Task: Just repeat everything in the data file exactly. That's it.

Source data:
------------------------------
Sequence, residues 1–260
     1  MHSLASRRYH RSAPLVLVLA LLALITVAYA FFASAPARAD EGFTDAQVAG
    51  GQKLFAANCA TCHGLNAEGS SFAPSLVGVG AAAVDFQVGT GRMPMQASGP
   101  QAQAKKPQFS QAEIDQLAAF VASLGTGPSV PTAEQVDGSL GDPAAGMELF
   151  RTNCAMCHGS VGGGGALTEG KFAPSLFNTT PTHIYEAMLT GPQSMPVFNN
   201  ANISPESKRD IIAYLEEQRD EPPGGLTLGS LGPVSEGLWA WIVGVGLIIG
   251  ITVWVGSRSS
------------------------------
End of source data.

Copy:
Sequence, residues 1–260
     1  MHSLASRRYH RSAPLVLVLA LLALITVAYA FFASAPARAD EGFTDAQVAG
    51  GQKLFAANCA TCHGLNAEGS SFAPSLVGVG AAAVDFQVGT GRMPMQASGP
   101  QAQAKKPQFS QAEIDQLAAF VASLGTGPSV PTAEQVDGSL GDPAAGMELF
   151  RTNCAMCHGS VGGGGALTEG KFAPSLFNTT PTHIYEAMLT GPQSMPVFNN
   201  ANISPESKRD IIAYLEEQRD EPPGGLTLGS LGPVSEGLWA WIVGVGLIIG
   251  ITVWVGSRSS